Mega transactions involving huge companies (with huge teams of very expensive lawyers) tend not to end up in front of the courts very often. So for a large transaction to end up a judicial spotlight is quite unusual.
What is even more unusual is that it involves a matter which, in a smaller transaction, would normally be picked up and dealt with by a standard due diligence exercise and some decent commercial drafting.
The matter involved a businessman called Mr Shanley. He licensed some software to what was then Halifax General Insurance Services. Halifax General Insurance Services was then purchased by Lloyds TSB Insurance Services. Lloyds continued using the software. Mr Shanley objected to this and claimed that Lloyds did not have a licence to use the software.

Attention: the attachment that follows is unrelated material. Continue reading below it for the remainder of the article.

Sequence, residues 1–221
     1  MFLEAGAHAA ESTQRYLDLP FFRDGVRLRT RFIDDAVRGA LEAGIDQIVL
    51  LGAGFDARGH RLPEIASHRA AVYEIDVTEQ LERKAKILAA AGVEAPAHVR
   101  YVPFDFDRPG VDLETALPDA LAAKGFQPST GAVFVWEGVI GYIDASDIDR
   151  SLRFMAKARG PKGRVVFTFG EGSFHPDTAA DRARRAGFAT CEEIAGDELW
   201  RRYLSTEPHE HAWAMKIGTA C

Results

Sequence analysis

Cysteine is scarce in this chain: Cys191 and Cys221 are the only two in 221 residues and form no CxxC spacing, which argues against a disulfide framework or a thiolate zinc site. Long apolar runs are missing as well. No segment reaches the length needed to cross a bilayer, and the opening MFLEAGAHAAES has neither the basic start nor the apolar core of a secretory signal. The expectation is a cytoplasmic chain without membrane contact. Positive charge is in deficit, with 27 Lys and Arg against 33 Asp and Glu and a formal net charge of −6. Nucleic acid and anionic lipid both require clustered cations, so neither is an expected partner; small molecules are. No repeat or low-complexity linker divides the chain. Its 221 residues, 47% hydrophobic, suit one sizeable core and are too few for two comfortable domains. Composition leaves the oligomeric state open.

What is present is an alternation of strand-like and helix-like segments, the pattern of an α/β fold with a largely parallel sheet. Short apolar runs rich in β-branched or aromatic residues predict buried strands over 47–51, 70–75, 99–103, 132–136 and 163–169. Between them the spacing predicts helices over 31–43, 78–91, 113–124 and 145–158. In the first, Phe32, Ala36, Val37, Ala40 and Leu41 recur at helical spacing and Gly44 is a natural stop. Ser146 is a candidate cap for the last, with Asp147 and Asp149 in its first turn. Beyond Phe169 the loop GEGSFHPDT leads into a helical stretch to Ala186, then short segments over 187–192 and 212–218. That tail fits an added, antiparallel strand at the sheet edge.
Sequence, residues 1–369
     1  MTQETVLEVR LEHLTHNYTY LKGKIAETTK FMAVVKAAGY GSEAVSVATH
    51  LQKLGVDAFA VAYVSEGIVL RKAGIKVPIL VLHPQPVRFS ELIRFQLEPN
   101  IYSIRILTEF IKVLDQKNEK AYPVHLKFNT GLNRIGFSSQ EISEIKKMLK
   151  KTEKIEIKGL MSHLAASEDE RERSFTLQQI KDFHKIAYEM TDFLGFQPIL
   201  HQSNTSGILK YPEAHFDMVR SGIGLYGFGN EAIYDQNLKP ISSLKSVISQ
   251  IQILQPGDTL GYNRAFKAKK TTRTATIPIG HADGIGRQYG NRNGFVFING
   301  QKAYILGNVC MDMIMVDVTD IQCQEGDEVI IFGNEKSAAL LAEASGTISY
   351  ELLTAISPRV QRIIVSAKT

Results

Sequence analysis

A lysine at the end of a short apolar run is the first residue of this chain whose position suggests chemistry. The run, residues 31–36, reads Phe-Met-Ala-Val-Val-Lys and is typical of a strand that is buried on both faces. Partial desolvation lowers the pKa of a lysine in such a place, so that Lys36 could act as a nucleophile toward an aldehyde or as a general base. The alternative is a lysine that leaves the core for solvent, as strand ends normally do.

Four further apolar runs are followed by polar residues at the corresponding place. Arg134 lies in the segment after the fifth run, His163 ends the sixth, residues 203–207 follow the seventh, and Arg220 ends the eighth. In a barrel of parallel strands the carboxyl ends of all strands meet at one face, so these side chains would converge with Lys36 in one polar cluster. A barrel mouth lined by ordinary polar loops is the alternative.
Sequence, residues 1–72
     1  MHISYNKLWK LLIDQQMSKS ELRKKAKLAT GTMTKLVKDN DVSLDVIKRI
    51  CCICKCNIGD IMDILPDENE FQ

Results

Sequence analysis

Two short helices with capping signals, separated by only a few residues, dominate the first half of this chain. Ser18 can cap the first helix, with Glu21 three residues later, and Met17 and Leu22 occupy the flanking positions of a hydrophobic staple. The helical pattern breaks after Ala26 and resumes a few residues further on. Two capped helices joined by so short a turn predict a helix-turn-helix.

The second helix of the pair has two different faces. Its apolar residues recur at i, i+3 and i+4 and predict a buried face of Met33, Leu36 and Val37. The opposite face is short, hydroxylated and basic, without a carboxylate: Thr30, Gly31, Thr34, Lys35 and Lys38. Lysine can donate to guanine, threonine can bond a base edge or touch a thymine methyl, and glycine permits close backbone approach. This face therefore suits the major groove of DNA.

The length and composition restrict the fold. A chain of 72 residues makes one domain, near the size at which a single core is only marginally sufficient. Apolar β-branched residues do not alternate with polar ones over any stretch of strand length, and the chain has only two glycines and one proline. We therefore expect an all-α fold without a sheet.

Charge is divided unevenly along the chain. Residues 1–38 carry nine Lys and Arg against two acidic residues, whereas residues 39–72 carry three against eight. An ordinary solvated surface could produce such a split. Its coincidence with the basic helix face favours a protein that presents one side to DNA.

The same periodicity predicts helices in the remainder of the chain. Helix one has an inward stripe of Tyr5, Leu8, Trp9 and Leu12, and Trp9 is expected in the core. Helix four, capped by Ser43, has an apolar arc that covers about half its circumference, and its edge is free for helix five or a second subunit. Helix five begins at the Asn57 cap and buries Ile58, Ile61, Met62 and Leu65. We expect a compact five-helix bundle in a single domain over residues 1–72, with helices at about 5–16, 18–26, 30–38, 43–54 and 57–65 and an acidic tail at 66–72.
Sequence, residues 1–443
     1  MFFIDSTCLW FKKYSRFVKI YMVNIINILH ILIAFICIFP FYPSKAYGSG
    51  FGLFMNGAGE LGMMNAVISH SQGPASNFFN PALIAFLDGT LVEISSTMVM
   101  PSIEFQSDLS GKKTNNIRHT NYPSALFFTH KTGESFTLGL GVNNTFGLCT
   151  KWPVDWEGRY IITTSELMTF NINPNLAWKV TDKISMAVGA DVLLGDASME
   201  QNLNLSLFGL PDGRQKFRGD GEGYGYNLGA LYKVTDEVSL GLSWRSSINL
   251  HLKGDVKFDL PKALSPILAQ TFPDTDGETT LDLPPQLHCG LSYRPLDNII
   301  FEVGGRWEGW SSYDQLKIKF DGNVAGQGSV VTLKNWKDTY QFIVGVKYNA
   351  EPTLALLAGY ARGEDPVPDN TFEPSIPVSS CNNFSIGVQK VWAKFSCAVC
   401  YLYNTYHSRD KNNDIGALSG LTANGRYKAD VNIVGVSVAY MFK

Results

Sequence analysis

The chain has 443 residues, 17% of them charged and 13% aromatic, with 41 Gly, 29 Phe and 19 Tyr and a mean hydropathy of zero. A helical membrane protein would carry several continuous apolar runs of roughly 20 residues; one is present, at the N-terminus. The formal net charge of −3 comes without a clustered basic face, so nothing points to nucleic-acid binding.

The High Court and then the Court of Appeal agreed. The court ruled that Lloyds could not rely on having an implied licence to use the software following the acquisition.
What makes this case even more unusual is that Mr Shanley also tried to claim that Halifax had been using the software outside of the terms of the licence. In order to try and win this element, he relied on a document which he later admitted he had forged. His claim against Halifax therefore failed, but the court held that this did not mean that his case against Lloyds collapsed as well. The court saw the two issues as entirely separate and dealt with them accordingly.
The purchase of a business, large or small, is a significant undertaking. While legal fees for investigating the business (known as due diligence) may seem an unnecessary expense in the grand scheme of things, particularly if they do not throw up anything that needs to be dealt with, the consequences of not doing those enquiries could be substantial. Cutting corners is always risky and in some cases can be extremely expensive.